A DJ who worked with acting legend Sir Kenneth Branagh on the London Olympics opening ceremony is aiming to shatter the world record for non-stop broadcasting.
Along with a fellow volunteer presenter on Llandudno-based Tudno FM 107.8, Andrew Welsh is aiming to stay on the air for over 100 hours to raise cash for the community station which is run as a charity and relies on an army of well-wishers for its existence.
In their marathon of the airwaves, which will take place over five days in August, Andrew and his colleague Eilir Gwyn have set themselves an initial target of bettering the 80-hour record notched up by two presenters from the station a couple of years ago.
They’ll then battle on in a bid to smash the world record of 100 hours established by a pair of DJs in Belgium last year, hopefully by another 24 hours.
Along the way they’re only allowed a few five-minute “comfort” breaks and their efforts will be strictly observed and filmed to provide the necessary verification for the Guinness Book of Records.
Apart from presenting the weekly Wednesday night rock show on Tudno FM for the past few years, 27-year-old Andrew, from Old Colwyn, is also an accomplished actor, singer and presenter who writes and produces his own work.
He worked alongside acting knight Sir Kenneth Branagh and director Danny Boyle when he was part of the cast of Pandemonium, the industrial revolution section of the Isle of Wonder spectacular which opened the 2012 Olympics.
Andrew also took part in the two Paralympic Games ceremonies as an athlete marshal.
Just a few weeks ago he appeared in the role of Miss Trunchbull in a show to mark the centenary of children’s author Roald Dahl which toured schools across Denbighshire before having its grand finale on stage at the Llangollen International Musical Eisteddfod.
Now Andrew admits that his tilt at the world long distance broadcasting title will be one of his toughest performances to date.
He said: “Eilir and I are both volunteers on Tudno FM and wanted to do something to really raise the profile of the station and also make a little money for it in sponsorship cash as it relies completely on its supporters to keep going.
“We came up with the idea of breaking some non-stop broadcasting records which should achieve both these aims. But we know it’s not going to be easy.
“Between 10am on Monday August 15 and around 2pm on Saturday the 20th we’ll first attempt to break the 80-hour record set by two DJs from the station a couple of years ago and then keep going to smash the 100-hour record established by Peter Van de Veire and Eva Daeleman in Belgium on February 14 last year.
“If we’re still awake the plan is then to stay on air for another full day to make 124 hours of continuous broadcasting and put the new world record well out of reach.”
He added: “According to the rules, we’re limited in the amount of music we can play, so we’ll be inviting in plenty of guests drawn from local businesses and our list of supporters, which includes organisations like the Cartrefi Conwy housing association and Conwy County Borough Council, as a way of thanking them for all the help they’ve given us to stay on air since we started in 2008.
“Hopefully, some of the businesses will be bringing in food samples which will come in very handy to keep us going alongside all the gallons of coffee we’ll be drinking.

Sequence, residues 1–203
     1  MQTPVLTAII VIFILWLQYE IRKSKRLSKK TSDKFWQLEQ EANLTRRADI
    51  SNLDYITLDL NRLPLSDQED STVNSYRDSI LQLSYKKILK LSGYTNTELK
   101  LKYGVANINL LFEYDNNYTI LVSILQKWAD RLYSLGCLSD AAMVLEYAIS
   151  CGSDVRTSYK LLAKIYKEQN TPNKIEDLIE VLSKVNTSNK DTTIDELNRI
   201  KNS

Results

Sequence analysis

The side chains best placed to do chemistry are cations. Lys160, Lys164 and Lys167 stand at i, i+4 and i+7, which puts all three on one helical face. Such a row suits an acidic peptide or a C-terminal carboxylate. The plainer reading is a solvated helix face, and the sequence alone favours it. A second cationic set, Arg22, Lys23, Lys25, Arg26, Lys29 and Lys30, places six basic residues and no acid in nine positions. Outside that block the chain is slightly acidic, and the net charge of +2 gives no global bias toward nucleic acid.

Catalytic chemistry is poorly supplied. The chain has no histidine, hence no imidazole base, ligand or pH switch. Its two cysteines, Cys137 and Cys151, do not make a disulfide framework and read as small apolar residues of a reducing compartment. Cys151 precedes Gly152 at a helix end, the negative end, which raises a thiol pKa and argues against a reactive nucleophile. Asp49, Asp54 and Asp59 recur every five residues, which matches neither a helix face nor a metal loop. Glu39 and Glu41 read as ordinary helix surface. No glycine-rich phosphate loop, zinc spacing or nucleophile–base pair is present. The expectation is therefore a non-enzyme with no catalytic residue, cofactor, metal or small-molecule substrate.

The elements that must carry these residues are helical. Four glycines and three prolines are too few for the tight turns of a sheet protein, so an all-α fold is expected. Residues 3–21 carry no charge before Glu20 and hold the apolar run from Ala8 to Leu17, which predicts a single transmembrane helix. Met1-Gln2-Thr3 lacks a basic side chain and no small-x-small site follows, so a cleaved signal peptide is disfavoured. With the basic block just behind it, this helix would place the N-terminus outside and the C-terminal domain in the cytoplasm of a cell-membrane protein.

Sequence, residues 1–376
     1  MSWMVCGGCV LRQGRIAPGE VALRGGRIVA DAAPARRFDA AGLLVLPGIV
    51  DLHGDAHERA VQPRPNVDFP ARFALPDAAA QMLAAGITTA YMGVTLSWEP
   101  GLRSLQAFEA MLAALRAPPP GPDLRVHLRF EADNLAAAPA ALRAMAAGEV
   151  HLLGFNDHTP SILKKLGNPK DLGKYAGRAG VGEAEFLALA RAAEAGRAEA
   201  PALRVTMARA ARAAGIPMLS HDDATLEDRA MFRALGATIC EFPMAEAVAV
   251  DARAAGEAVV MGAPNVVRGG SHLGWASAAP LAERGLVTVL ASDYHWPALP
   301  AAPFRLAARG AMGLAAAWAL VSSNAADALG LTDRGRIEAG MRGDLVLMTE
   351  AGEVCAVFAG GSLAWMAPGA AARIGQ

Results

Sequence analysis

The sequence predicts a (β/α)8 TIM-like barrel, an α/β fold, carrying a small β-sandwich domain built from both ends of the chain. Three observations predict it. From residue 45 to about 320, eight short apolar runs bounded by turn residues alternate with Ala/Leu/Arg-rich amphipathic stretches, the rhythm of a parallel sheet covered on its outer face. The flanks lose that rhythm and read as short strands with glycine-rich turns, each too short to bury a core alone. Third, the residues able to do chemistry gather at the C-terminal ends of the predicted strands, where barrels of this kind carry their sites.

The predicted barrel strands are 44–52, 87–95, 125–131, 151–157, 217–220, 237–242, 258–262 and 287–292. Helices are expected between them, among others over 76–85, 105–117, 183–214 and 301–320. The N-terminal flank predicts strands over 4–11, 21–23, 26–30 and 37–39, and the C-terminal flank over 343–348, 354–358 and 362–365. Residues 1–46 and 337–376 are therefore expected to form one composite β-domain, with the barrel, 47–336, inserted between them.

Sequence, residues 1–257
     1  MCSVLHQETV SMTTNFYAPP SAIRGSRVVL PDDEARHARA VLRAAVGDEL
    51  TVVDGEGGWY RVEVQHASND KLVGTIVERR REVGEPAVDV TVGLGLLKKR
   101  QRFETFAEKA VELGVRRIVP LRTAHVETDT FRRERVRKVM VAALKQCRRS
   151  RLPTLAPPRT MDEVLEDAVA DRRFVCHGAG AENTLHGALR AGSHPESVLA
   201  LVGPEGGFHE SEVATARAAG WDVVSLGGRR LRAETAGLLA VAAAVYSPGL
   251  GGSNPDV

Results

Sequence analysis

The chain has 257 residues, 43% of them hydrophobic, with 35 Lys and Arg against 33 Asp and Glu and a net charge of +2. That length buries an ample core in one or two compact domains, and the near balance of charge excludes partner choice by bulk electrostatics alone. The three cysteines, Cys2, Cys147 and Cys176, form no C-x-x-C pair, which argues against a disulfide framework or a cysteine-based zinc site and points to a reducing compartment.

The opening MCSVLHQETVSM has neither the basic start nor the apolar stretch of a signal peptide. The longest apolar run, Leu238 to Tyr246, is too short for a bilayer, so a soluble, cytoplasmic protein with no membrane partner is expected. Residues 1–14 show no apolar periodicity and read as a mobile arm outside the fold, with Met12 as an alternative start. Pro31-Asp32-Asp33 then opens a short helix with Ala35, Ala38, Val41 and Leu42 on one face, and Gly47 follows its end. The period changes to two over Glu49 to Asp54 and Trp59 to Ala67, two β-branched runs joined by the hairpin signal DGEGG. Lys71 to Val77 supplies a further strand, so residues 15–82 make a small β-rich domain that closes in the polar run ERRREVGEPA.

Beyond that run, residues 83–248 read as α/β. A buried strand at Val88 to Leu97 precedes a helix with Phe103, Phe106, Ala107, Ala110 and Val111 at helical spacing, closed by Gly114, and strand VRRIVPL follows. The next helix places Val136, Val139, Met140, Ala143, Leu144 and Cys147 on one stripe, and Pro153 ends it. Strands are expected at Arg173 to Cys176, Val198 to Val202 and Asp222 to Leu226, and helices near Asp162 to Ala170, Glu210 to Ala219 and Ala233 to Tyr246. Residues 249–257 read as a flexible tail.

“There will also be local band coming in to play live and another guest will be Russ, the Conwy Jester who goes by the name of Erwyd le Fol.
“We’re only allowed to take breaks of five minutes every hour but we can save them up and have half an hour here and there for a few winks of sleep.
“Throughout the marathon we’ll be watched closely by a team of official timekeepers working in four-hour shifts and the whole thing will be filmed so that it can be checked out by the Guinness Book of Records.”
Recalling his high profile stint in the Olympics opening ceremony, Andrew said: “I was part of the cast for the industrial revolution scenes and worked closely with Sir Kenneth Branagh, who was the narrator, and Danny Boyle who directed the whole thing.
“We were all one big family and shared the same dressing rooms, so I often got to speak to both of them and they were really nice and approachable.
“After marshalling at the Paralympics the same summer I was invited to the after-show party and met all the Great Britain team.
“The whole experience was truly unforgettable and something to tell your grandchildren about.
“I’m sure our broadcasting marathon will also be memorable. It’ll be tough to keep going all that time but I’m really looking forward to it.
“If I’m having trouble staying awake I could always try to the old Alan Partridge trick of propping open my eyes using matchsticks!”
Eilir Gwyn, who is 19 and comes from Colwyn Bay, has been presenting the weekly Welsh language programme Y Shifft Hwyrnos – in English the Dusk Shift – on Tudno FM since last September and splits his time between the control desk and his day-job operating the children’s rides on Llandudno Pier.
He said: “If we manage to break the records for 80 hours and then 100 hours we’re hoping to go right on for 124 hours because we thought it would be good to add an extra day to the new record if we can set it.
“Neither Andrew or myself have ever done anything like this before but we’re going to give it 100 per cent.
“It will make the station better known and also raise some money to help it keep going, which is the main thing. But apart from that it will also be a good laugh.”
Details of the record attempt are available from the station at www.tudno.co.uk, tel: 01492 870249.